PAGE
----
Hayek’s Dream: International Investment Law and the Denigration of Politics

Leiden Journal of International Law

24 Pages Posted: 14 Jun 2019 Last revised: 14 Jun 2022

See all articles by David Schneiderman

David Schneiderman

University of Toronto - Faculty of Law

Date Written: June 1, 2019

Abstract

This paper argues that the operational logic of international investment law, in part, is to tame states by legally requiring that they behave as if they were profit-seeking enterprises. This is suggested by a small set of awards, arising out of contractual disputes, that work a binary between contractual and sovereign behaviour. Non-contractual behaviour is deemed ‘political’ and likely to give rise to liability under investment law strictures. This complements well Hayek’s approach to the rule of law, where, outside of their ‘framework’ functions, states are expected to behave ‘in the same manner as any private person.’ In an age of ever increasing inequality, this renders it more difficult for states and citizens to take up measures for societal self-protection.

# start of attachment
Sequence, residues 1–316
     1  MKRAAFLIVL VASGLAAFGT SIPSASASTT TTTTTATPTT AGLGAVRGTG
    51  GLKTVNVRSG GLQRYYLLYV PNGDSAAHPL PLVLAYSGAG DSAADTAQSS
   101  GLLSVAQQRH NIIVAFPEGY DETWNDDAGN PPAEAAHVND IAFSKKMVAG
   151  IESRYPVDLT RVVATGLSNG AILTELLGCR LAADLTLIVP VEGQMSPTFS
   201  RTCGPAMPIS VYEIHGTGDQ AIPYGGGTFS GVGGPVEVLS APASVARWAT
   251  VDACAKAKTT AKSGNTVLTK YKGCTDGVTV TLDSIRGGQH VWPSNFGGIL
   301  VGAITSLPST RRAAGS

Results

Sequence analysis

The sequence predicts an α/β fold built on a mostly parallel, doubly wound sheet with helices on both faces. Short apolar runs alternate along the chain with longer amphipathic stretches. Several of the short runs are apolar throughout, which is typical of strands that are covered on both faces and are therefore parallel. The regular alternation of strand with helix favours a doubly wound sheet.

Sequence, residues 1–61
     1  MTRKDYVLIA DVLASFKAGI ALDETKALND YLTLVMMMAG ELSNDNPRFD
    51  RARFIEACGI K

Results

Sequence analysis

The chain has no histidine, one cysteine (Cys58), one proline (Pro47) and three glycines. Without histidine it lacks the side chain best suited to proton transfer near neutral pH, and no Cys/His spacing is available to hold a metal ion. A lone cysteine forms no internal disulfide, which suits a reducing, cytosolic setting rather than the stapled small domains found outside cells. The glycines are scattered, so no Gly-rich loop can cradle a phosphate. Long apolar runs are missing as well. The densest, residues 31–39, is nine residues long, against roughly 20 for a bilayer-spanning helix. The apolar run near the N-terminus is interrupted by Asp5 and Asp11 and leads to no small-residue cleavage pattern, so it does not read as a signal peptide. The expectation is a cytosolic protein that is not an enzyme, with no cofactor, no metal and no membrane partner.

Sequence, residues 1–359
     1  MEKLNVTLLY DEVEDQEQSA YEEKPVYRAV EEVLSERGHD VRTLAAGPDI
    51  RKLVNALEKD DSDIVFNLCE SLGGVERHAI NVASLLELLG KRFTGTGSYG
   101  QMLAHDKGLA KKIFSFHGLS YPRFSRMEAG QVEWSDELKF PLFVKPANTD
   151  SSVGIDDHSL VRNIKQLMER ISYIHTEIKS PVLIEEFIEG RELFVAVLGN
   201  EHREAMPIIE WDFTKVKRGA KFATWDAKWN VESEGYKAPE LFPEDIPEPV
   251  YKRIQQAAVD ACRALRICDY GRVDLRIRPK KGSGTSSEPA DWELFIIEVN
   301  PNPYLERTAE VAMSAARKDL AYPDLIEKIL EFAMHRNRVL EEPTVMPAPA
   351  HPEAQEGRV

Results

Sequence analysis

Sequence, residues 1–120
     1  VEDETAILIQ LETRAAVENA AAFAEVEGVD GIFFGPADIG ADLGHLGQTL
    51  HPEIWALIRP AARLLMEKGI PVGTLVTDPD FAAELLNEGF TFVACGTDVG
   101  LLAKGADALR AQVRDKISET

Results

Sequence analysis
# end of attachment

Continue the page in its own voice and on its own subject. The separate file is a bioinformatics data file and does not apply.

Keywords: investment law, Hayek, role of state, neoliberalism

Suggested Citation

Schneiderman, David, Hayek’s Dream: International Investment Law and the Denigration of Politics (June 1, 2019). Leiden Journal of International Law, Available at SSRN: https://ssrn.com/abstract=3397624 or http://dx.doi.org/10.2139/ssrn.3397624

David Schneiderman (Contact Author)

University of Toronto - Faculty of Law ( email )

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